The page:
Jihad in Hadith

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Hadith are narrations originating from the words and deeds of the Islamic prophet Muhammad. Hadith are regarded by the traditional schools of jurisprudence as important tools for understanding the Qur'an and in matters of jurisprudence. Jihad is an Islamic term which is a religious duty of Muslims. As in other matters of Islam, there are many Hadith explaining the concept of Jihad.

Sahih al-Bukhari[edit]

Sahih al-Bukhari is one of the six canonical Hadith collections of Sunni Islam. Sunni Muslims regard it as being the most authentic of the six, and is considered to be the most authentic book after Qur-an.[1] Sahih al-Bukhari contains a chapter "Fighting for the Cause of Allah (Jihad)".[2]

According to a Hadith in Sahih Bukhari, participating in Jihad is the third best deed for man, after offering prayers at their stated times and being dutiful to one's parents[3] whereas another Hadith in the same collection has Jihad as the second best deed, after belief in Allah and Muhammad.[4] In another Hadith in Bukhari, it is said that there is no migration after the Conquest of Mecca, but Jihad and good intention remain; and if one is called by the Muslim ruler for fighting, one should go forth immediately.[5] Jihad for women is different from that of men. In 4:42:42, Muhammad is reported to have said that the best Jihad for women is Hajj.[6] Another Hadith (4:52:44) says that no deed equals Jihad in reward, and that the Mujahid is rewarded even for the footsteps of his horse while it wanders about.[7]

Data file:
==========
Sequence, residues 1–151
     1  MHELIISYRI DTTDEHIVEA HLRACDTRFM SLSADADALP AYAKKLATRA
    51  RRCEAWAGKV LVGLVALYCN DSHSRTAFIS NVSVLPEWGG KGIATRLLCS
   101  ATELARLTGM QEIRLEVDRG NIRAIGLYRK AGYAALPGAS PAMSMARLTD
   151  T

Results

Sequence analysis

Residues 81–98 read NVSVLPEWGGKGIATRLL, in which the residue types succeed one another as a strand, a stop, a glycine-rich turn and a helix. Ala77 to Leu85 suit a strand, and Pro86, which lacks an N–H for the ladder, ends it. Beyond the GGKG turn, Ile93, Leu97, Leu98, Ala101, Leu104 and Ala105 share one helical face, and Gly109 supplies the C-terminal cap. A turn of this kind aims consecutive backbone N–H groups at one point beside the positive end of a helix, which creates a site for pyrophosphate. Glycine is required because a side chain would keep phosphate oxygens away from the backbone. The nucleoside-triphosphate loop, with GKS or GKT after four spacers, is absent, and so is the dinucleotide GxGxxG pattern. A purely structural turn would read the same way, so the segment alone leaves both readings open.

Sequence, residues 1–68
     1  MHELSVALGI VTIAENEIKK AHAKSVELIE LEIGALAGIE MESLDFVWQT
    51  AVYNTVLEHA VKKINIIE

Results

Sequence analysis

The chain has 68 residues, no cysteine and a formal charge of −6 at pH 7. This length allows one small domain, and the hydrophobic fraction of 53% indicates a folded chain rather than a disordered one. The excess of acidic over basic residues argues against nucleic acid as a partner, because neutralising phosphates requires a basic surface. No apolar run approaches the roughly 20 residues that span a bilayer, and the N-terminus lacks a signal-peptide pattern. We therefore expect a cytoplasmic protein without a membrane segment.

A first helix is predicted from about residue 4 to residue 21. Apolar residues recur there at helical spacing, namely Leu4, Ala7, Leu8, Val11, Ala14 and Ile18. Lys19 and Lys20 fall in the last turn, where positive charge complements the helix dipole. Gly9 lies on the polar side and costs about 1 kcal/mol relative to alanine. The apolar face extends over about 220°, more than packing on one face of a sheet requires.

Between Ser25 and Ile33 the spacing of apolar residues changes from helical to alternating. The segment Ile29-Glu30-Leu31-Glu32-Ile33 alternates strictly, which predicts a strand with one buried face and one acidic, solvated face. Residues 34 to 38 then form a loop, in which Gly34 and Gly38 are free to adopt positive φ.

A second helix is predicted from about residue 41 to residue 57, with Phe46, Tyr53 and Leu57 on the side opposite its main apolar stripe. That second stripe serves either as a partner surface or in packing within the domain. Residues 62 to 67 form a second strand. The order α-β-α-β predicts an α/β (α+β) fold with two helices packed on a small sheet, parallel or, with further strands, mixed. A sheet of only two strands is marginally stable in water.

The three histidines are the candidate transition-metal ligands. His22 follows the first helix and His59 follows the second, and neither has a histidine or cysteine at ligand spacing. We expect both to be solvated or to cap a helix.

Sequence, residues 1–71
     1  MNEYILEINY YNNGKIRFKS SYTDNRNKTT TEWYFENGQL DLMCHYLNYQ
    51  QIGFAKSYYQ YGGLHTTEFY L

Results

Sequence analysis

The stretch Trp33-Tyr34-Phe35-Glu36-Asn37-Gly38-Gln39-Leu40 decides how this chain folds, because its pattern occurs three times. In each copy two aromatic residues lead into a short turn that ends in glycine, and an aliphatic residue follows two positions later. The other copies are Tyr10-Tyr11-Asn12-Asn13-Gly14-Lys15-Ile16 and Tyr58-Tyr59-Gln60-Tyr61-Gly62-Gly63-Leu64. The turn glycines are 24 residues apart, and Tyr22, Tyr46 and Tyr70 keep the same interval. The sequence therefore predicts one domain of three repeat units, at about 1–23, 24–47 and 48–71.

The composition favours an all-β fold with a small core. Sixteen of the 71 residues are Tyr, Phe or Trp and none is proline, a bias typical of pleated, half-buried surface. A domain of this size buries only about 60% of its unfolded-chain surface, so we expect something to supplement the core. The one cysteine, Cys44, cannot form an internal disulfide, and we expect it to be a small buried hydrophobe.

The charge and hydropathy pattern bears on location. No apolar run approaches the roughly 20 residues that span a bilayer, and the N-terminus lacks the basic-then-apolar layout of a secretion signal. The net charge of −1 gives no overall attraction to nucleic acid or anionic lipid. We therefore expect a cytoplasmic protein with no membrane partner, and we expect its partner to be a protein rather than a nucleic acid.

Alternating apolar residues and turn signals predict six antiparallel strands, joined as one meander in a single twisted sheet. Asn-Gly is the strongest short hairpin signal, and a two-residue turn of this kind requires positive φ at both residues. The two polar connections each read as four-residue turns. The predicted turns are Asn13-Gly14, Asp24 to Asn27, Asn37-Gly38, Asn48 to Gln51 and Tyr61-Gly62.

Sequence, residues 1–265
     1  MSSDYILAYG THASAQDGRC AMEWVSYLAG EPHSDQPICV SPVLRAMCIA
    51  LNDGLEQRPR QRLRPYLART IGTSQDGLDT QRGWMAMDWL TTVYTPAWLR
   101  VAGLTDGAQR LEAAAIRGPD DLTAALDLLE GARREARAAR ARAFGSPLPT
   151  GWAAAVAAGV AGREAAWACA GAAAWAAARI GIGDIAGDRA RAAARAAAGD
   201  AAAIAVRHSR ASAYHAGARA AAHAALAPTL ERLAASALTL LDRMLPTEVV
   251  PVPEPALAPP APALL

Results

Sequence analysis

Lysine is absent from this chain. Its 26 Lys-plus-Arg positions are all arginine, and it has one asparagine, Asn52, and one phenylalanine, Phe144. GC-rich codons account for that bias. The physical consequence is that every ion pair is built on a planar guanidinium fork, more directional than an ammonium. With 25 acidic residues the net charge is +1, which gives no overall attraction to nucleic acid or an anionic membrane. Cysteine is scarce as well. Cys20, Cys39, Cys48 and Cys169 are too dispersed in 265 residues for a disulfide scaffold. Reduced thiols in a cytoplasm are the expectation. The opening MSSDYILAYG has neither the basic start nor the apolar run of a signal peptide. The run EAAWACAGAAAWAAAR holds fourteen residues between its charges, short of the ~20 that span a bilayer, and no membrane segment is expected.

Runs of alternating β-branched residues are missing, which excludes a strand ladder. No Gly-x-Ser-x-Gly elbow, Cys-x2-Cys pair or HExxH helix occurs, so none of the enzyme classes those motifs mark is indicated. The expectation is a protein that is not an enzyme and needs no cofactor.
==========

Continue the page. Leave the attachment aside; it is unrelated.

See also[edit]

References[edit]

  1. ^ Muqaddimah Ibn al-Salah, pg. 160-9 Dar al-Ma’aarif edition
  2. ^ Translation of Sahih Bukhari, Book 52: Fighting for the Cause of Allah (Jihaad)
  3. ^ Sahih al-Bukhari, 4:52:41
  4. ^ Sahih al-Bukhari, 1:2:25
  5. ^ Sahih al-Bukhari, 4:52:42
  6. ^ Sahih al-Bukhari, 4:42:43
  7. ^ Sahih al-Bukhari, 4:52:44